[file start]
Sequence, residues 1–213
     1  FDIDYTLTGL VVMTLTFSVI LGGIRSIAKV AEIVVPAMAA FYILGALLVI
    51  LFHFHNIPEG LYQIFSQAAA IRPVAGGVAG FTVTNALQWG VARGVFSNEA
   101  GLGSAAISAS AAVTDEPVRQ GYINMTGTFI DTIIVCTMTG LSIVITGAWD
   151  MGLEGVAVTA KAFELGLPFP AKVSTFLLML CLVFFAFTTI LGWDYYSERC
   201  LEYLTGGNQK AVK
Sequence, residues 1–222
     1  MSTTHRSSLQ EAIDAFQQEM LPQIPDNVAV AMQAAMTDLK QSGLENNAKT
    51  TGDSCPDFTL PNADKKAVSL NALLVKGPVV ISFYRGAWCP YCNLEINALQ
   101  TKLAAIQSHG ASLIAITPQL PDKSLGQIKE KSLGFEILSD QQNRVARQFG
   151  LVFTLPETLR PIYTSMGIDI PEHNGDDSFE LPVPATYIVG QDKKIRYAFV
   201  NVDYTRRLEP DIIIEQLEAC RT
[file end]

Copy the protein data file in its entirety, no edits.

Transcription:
Sequence, residues 1–213
     1  FDIDYTLTGL VVMTLTFSVI LGGIRSIAKV AEIVVPAMAA FYILGALLVI
    51  LFHFHNIPEG LYQIFSQAAA IRPVAGGVAG FTVTNALQWG VARGVFSNEA
   101  GLGSAAISAS AAVTDEPVRQ GYINMTGTFI DTIIVCTMTG LSIVITGAWD
   151  MGLEGVAVTA KAFELGLPFP AKVSTFLLML CLVFFAFTTI LGWDYYSERC
   201  LEYLTGGNQK AVK
Sequence, residues 1–222
     1  MSTTHRSSLQ EAIDAFQQEM LPQIPDNVAV AMQAAMTDLK QSGLENNAKT
    51  TGDSCPDFTL PNADKKAVSL NALLVKGPVV ISFYRGAWCP YCNLEINALQ
   101  TKLAAIQSHG ASLIAITPQL PDKSLGQIKE KSLGFEILSD QQNRVARQFG
   151  LVFTLPETLR PIYTSMGIDI PEHNGDDSFE LPVPATYIVG QDKKIRYAFV
   201  NVDYTRRLEP DIIIEQLEAC RT